He rose through the ranks, serving as editor of the paper from 1952 to 1962. He was in charge of combining the Herald-Express and the Examiner.
“I had to let go about 265 editorial people from the Examiner, a lot of them friends of mine,” he said.
At the same time, he noticed a big safe in the Examiner office. He asked what was in it and was told, “Nothing now, but we used to keep $25,000 in the safe, because Mr. Hearst would call at 1 or 2 o’clock in the morning asking for 100 or 200 bucks.”
Expressions of regret about the closing came from politicians and community leaders, and they shared a common theme: Any reduction in newspaper competition is a loss for readers.
“Los Angeles will be poorer for it,” said City Council President John Ferraro. “The Herald Examiner has been a strong voice in our city and its reporting of events will certainly be missed.”
“It’s one more blow against freedom of the press,” said County Supervisor Kenneth Hahn. “We need as many newspapers as possible to tell the public about government at the local level.”
“The closing of the Herald Examiner limits the choices for Los Angeles readers,” said Mayor Tom Bradley in a statement issued by his press secretary.
Referring to The Times and the San Fernando Valley-based Daily News, he added, “I sincerely hope the two remaining daily newspapers focus attention on covering the entire city, bringing attention to unheard stories that impact many of the 3.4 million people who make the City of Los Angeles home.”
“I think the Herald did a better job in dealing with local issues and minority communities,” said Linda Wong, executive director of California Tomorrow, an immigrants’ advocacy group.
The Herald has received acclaim in the past year for its investigations into the Bradley Administration.
“Anyone who works in a competitive city knows that competition keeps staff on their toes and much more concerned (about) missing stories,” said Ben H. Bagdikian, a professor at the UC Berkeley Graduate School of Journalism. “Competition . . . has always meant an improvement in the quality of reporting.”
Times Publisher David Laventhol stated: “The absence of the Herald is going to place an even greater responsibility on The Times to be fair, accurate and complete in its reporting and to provide a forum for multiple voices on important issues.”
Added Times Editor Shelby Coffey III: “It’s a sad day for journalism and a sad day for Southern California. The Herald Examiner has been a lively competitor and it will be a melancholy absence.”
The Times is considering picking up some of the Herald’s syndicated features and is reviewing applications from many Herald employees. The Times also will acquire more than 10,000 of the Herald’s newspaper stands and racks, and its subscription list.
Among prospective buyers who looked at the paper, it was learned, were the Toronto Sun Publishing Co. of Canada, movie and oil tycoon Marvin Davis, British tabloid publisher Robert Maxwell, and a group that included City News Service owner Tom Quinn.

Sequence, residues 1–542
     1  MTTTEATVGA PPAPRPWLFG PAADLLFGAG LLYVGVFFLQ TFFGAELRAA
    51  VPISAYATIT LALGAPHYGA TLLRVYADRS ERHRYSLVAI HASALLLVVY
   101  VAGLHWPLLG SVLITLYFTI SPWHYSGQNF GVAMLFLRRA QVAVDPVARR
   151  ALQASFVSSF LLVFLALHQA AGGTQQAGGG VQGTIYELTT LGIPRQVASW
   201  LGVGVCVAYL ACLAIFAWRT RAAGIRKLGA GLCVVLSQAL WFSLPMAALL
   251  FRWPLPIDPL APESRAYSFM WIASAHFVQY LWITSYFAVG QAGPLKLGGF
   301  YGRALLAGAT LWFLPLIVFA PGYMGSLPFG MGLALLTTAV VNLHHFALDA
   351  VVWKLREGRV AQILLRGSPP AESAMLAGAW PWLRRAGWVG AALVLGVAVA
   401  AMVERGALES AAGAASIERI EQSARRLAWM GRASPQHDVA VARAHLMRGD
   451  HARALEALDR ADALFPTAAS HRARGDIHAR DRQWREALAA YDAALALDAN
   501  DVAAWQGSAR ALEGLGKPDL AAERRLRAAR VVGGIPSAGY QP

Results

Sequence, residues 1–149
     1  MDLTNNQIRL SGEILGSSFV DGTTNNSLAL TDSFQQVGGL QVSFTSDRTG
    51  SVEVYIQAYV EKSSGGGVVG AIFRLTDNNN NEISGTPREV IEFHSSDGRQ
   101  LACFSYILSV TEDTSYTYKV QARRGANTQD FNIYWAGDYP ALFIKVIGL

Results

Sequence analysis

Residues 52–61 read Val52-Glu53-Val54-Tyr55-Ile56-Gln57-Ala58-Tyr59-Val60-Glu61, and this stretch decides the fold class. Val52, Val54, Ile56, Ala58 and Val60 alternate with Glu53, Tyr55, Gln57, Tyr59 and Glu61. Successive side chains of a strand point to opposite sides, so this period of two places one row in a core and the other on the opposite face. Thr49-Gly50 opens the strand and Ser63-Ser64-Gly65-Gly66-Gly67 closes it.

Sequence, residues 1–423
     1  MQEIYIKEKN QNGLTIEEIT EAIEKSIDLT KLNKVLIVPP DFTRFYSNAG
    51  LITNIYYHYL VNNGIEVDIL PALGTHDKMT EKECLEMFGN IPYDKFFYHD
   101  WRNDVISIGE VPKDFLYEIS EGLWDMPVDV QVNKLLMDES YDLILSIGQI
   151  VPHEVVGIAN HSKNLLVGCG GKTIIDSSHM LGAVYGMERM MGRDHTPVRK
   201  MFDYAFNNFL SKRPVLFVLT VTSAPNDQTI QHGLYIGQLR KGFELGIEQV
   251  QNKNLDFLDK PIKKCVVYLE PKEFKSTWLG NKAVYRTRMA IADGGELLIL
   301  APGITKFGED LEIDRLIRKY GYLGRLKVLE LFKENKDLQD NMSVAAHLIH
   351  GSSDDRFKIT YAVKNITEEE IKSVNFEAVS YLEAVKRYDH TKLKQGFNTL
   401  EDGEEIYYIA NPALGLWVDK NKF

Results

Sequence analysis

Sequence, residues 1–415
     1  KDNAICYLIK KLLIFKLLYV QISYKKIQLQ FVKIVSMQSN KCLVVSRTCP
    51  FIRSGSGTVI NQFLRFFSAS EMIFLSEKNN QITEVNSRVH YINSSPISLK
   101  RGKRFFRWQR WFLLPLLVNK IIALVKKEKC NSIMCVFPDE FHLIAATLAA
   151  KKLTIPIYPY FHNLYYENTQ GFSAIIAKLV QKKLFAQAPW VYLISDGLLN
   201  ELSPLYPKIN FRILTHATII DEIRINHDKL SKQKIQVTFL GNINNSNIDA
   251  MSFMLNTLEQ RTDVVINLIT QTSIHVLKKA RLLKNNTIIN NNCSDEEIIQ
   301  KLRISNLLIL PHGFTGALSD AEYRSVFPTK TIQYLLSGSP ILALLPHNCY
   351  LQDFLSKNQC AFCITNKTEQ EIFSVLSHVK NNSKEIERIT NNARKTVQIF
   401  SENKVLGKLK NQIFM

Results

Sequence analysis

Changes in 1962
In the end, Hearst was not demanding a heavy price, only someone with the money and commitment to make a serious attempt at turning the publication around.
The paper’s problems dated to 1962, when Hearst chose to concentrate on afternoon circulation, merging the morning Examiner with the less successful Herald-Express. The announcement closely followed the closure by Times Mirror Co. of its afternoon paper, The Mirror.
That left The Times with no morning competition, and the Herald was forced to pursue a blue-collar audience that tended to go to work and return home earlier in the day.
Advertisers followed the money. By 1967, The Times enjoyed a 2-1 advantage in advertising, despite only a 120,000 lead in circulation. The Herald’s readership started to fall.
That year the American Newspaper Guild struck the Herald over wages and was eventually joined by 11 other unions. By the time the strike ended 10 years later, the Herald’s circulation was just 330,000.
Since then, Hearst has thrashed around for a comeback strategy, trying to position the paper for more sophisticated readers, pondering a conversion to a tabloid. It also converted back to a morning publication.
As circulation declined, rumors of the paper’s demise or sale swirled around the city from time to time. But the Herald was a powerful symbol to the Hearst family, which is still active in the company. The building at 11th and Broadway, with its hand-painted tiled entrance floor and gold and black onyx lobby, once included press lord William Randolph Hearst’s private apartment.
Brokers for Grubb & Ellis Commercial Real Estate Services said chances are good that the ornate Herald building will be sold to someone who will keep the existing structure. “A major printer could use that, maybe a group that prints law books,” said broker Ray Lepone.
Times staff writers Darrell Dawsey, Maura Dolan, Scott Harris, Shawn Hubler, John Kendall, Jesus Sanchez and Hector Tobar contributed to this story.